An Angler's Guide To The Classic Pflueger
Part Two - 1959 to Present
Article and Photographs by Joe
An Angler's Guide to the
Pflueger Medalist, Part One we explored the history and evolution of
the Pflueger Medalist fly reel, including the smallest sizes - the 1492
and 1492½. Those click-pawl models are still in production, largely
unchanged from their functional form of 1930. We also looked at the
incorporation of the Pflueger drag system as realized in a "patent
pending" model 1495 and an early production example of the first
generation of the 1495½. We found that Pflueger had a very long and
illustrious history in fishing tackle manufacture and was awarded multiple
patents for fly reel design. In this, Part Two, we will examine the
iteration of the Pflueger Medalist most recognized by contemporary
anglers; the reversible drag design.
Changing a Medalist from right-hand-wind to
left-hand-wind is very easy, but it is a process that has seldom been
explained in a step-by-step format. Below we will rectify that situation
by showing you in easy to follow steps how to disassemble, service and
reset your Medalist. The steps shown are valid for all models of the
Pflueger Medalist from the "Made in Akron" versions of 1959 (and
before) all the way to
the present models available from a variety of retailers.
In this part of the article we will also
explore some of the accessories and performance parts currently available
One Pfoot company.
The 1950's and 1960's Pflueger Medalist
Example Shown 1494 "Made in Akron"
was a year of great changes. To put it into perspective, in 1959 the
unemployment rate dropped to 5.5%,and popular TV programs included
"Rawhide", "Bonanza" and "The Twilight Zone". Alaska and Hawaii were
admitted to the the Union and became the 49th and 50th States,
respectively. The Boeing 707 Jet Airliner came into service and Fidel
Castro came to power in Cuba. And if all that weren't enough, the culture
of the United States was moving towards the consumer model we enjoy today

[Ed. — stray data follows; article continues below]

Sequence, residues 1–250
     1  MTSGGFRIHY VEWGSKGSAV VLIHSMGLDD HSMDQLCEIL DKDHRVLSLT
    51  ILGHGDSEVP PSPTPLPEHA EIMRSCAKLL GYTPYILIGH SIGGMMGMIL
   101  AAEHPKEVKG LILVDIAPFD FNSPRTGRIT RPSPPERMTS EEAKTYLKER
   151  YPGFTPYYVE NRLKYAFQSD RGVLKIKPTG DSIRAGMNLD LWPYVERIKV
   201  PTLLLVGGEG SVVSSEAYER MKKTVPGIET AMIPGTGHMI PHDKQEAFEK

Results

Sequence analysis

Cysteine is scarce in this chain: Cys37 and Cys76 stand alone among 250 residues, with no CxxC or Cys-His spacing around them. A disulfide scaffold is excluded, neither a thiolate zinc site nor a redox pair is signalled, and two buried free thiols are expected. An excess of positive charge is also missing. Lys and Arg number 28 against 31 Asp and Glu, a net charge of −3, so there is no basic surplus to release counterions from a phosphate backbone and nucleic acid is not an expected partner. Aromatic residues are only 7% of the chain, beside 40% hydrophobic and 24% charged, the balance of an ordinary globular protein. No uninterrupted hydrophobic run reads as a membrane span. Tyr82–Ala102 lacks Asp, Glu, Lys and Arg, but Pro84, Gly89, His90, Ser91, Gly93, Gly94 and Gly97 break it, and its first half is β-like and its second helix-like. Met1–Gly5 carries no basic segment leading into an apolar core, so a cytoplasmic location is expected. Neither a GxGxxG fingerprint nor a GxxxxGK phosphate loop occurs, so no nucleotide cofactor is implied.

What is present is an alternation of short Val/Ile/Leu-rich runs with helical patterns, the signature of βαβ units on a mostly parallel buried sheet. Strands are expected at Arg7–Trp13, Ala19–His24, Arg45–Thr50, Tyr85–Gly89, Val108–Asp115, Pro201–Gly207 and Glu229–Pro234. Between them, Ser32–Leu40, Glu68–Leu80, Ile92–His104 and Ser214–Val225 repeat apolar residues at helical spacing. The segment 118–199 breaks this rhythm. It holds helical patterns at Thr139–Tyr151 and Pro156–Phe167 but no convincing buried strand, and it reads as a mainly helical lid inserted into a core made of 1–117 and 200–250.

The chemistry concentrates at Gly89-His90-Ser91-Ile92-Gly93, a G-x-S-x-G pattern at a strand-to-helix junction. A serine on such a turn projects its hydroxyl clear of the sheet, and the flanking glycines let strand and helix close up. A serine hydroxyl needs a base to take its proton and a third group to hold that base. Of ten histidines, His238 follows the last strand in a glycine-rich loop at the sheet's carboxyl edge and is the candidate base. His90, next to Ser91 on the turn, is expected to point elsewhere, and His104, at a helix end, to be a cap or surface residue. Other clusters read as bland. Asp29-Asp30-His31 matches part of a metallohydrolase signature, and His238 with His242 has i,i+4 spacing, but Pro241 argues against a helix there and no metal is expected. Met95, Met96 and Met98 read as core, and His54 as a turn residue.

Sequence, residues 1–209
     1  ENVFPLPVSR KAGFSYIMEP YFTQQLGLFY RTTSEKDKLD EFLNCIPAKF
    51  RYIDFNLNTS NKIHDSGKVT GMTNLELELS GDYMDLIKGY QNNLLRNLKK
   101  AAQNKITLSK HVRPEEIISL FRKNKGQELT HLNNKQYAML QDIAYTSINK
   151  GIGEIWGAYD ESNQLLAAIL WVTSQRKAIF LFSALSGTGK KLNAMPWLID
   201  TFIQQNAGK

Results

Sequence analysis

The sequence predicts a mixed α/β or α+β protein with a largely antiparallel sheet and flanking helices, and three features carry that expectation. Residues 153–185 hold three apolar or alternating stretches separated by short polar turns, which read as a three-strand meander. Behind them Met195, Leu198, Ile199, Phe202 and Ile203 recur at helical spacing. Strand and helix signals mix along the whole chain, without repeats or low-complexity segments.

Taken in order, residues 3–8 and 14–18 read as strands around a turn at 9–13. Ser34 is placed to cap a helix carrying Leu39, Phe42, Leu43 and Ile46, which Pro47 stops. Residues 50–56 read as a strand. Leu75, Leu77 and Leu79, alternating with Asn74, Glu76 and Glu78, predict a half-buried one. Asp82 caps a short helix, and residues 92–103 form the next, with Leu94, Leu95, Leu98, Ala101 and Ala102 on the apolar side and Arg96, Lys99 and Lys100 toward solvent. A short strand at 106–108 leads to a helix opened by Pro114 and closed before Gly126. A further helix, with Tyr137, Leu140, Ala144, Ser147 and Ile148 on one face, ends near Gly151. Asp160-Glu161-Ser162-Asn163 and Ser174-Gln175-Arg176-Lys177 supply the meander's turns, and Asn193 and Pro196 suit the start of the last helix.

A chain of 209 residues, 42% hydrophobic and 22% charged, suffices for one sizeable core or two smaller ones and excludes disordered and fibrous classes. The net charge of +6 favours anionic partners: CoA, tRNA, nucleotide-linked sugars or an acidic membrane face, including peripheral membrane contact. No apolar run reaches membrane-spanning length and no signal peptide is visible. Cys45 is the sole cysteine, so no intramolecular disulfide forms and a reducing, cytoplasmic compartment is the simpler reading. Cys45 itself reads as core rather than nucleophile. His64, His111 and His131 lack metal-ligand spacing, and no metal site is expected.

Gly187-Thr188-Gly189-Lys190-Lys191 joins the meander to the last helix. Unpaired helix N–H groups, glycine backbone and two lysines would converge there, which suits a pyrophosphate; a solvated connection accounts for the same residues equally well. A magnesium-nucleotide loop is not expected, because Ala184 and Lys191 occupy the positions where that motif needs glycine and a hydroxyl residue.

where companies ask their customers what features and performance
advantages they prefer, rather than simply building the product and then
trying to generate a market.
Consumer choice was growing in importance and the spinning reel had
changed America's preference from right-hand-wind to left-hand-wind.
At this time in history, Pflueger was a
manufacturing powerhouse with prodigious market share. Never a
company to avoid change, Pflueger answered the demands of the market by
modifying the most successful fly reel in the industry so it could fulfill
the wishes of even those who demanded to use the "wrong" hand for reeling
in a fish. The modification was stunningly simple and so effective
it has remained largely unchanged since. What did Pflueger do?
They added a flange to the bottom of the drag ratchet plate so it could be
installed "upside down". Like magic, the Medalist became
If you look at the image of the ratchet
plate to the left, you'll see the eight detents that engage the drag click
pin in the reel's back plate. What's unique about this plate is that
shallow "shelf" around the inside radius. That allows the ratchet
plate to be inverted and still ride on the drag bearing (lower right).
Compare this view with the view of what would traditionally be the top of